Another day. Another vision of the future for Broadway. CHS has details on the plan to breathe new life into the Frederick Anhalt-designed 1929 Del Teet building just north of Dick’s Drive-in.
You probably know it as the former home of Hollywood Video and occasional Scientology pop-up. Soon, it will be transformed:
The applicant proposes an adaptive reuse of the existing building for a newmulti-family residential project with 22-26 market-rate units of lofts and flats. The applicant’s intent is to retain and restore the facades of the existing structure, construct one level of retail space, and five levels of residential units.
The design review for the project isn’t yet on the calendar — DPD is stacked up these days, it seems — but the project from real estate investor Ron Amundson and developer Maria Barrientos is moving forward.
Designed by Hewitt, the mixed-use project is being planned concurrently to Amundson’s Harvard Ave project behind Dick’s that we documented earlier this year: Unlocking ‘embedded value’ of Capitol Hill, prolific investor joins development wave
Barrientos points out that though the area isn’t part of the Pike/Pine preservation incentive zone, the Del Teet project would fit the model with its plan to retain the existing masonry facade of the old building and the set-back planned for the new portion of the construction.
“We’re keeping the building as intact as possible,” Barrientos tells CHS about the Broadway project. An existing skylight structure will be extended to become a European-style central court. Heavy old timbers from the building will be re-incorporated. At street-level, retail will remain but the upper floors of the existing structure will be melded with new construction to create a three-story building with two floors of living units and lofts.
“Broadway will be totally different,” Barrientos said. “The industrial lofts — we haven’t finished the plan exactly yet — but they will be either 1 or 2 bedroom.”
“Everybody else is building for the totally tiny units. We wanted to go after a different demographic.”
The Department of Neighborhoods provides some interesting history about the building on Amundson’s $3.8 million property:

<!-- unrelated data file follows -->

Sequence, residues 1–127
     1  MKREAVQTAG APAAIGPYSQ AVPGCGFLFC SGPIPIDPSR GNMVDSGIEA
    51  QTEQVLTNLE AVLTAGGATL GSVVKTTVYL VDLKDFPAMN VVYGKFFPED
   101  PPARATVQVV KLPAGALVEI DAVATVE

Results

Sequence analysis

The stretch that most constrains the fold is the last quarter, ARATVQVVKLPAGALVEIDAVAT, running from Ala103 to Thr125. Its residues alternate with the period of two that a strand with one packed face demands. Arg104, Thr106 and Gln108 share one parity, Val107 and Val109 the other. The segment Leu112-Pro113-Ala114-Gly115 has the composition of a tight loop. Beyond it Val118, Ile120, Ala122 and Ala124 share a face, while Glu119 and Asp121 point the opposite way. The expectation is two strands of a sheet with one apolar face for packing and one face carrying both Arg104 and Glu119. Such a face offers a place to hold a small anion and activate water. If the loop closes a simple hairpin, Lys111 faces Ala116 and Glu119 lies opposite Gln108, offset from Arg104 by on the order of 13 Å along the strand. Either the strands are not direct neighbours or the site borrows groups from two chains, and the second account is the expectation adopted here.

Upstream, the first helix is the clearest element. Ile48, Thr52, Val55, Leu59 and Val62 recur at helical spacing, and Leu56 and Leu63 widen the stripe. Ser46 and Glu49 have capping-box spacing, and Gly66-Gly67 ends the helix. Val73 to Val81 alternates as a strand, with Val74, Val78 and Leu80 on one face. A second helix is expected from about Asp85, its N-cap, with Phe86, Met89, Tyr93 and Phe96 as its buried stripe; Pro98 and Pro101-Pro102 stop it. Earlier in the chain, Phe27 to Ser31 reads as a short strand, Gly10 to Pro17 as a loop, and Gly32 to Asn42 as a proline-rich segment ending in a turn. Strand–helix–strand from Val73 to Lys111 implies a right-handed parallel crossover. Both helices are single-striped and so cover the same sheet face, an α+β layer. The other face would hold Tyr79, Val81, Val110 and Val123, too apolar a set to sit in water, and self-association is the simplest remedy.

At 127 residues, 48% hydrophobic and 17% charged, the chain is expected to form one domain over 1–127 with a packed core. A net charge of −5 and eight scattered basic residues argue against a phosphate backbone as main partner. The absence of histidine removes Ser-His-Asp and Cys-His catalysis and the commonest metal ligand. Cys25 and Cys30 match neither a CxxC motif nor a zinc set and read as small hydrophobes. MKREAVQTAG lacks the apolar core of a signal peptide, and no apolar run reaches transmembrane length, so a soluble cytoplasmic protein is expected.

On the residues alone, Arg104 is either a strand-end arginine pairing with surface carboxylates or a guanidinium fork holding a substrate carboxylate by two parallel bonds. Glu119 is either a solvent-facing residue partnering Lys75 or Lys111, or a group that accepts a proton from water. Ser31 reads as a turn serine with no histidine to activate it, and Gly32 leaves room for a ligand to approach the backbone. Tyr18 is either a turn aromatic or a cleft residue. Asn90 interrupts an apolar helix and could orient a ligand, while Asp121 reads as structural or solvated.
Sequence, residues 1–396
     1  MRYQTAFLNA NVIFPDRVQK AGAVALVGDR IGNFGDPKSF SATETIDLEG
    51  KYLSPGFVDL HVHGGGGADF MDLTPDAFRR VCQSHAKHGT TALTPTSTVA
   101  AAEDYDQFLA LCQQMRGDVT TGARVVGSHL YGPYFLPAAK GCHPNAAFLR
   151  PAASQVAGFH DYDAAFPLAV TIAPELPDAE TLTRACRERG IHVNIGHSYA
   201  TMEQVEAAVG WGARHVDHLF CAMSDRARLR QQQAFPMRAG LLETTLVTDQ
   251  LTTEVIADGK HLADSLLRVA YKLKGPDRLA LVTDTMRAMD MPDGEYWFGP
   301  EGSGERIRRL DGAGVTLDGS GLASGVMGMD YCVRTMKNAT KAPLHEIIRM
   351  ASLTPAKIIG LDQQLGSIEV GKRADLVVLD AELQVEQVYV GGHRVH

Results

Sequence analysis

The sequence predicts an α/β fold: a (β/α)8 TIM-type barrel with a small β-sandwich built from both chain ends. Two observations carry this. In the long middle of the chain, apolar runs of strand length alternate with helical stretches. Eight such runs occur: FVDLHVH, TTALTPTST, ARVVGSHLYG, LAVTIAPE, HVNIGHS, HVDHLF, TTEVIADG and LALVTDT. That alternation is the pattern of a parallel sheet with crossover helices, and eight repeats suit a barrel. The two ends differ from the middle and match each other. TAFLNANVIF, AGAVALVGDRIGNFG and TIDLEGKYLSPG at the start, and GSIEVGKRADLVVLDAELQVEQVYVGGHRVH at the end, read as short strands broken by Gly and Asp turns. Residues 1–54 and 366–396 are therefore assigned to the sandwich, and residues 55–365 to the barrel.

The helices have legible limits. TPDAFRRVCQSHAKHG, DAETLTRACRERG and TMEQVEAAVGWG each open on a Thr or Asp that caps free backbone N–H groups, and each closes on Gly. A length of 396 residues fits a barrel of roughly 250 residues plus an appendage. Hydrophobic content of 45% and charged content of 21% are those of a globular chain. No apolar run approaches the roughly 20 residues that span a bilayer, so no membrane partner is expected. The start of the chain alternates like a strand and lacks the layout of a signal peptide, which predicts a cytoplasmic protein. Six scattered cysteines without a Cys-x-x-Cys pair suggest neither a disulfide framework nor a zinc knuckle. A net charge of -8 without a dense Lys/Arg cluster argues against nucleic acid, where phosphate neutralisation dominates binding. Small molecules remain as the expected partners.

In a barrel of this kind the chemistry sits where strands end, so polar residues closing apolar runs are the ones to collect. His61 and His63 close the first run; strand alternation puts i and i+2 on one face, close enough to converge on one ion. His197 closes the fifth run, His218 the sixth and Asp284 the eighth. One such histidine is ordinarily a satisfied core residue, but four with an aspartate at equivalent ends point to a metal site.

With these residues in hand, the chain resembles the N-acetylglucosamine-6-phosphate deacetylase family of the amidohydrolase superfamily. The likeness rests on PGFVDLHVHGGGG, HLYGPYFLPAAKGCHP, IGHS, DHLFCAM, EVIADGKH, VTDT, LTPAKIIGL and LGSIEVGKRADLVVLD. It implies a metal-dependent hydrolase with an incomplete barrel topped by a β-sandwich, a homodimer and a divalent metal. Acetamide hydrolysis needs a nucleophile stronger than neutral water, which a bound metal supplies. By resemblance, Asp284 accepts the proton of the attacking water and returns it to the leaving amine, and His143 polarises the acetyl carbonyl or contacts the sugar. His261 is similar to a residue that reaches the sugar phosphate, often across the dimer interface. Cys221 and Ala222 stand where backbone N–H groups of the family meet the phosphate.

Historic Name: Del-Teet Furniture Common Name: Hollywood Video
Style: Commercial Neighborhood: Capitol Hill
Built By: Frederick Anhalt Year Built: 1929
In the opinion of the survey, this property appears to meet the criteria of the Seattle Landmarks Preservation Ordinance.
This building was constructed in 1929 as the Del-Teet Furniture Store. Cyrus Teeter, who had a Denver store with a Dr. Delaney, identified this location as one of the busiest in Seattle and thus suitable for his second store. In the 1950s the store gained renown as the first to introduce modern furniture to go with new post-war housing styles. This was the first of several major furniture stores that opened on Broadway, earning it the name Furniture Row during the 1950s-60s. Del-Teet remained open at this location in to the 1990s. The building was designed by Frederick Anhalt, who was best known as a developer of French Norman and Tudor-inspired apartment buildings, particularly on Capitol Hill. His influence is evident in the arched windows on all three floors. Although Anhalt built several one-story neighborhood commercial buildings, this is his only building of this type–a three-story freestanding commercial structure.
This three-story red brick building has a stepped parapet and arched windows on all three floors, including the street-level display windows. The storefront has a high degree of integrity, with wood-and-glass doors. The second floor projects over the first floor, supported by six square wood columns. Although the upper floor windows have a modern look, they are original. The building’s only ornament is brick sills and arches around the windows and simple decorative brick insets below the cornice line.
The overhaul is the latest in a series of investments in these blocks of Broadway across the street from the coming Capitol Hill Station transit-oriented development. In addition to the Harvard Ave project, the Del Teet re-use is joined by a new investor purchasing the land where the Broadway post office stands. As much as the supposed “dead zone” of Pike/Pine has changed in the last decade, it appears that this stretch of Broadway will see an even more rapid reinvention.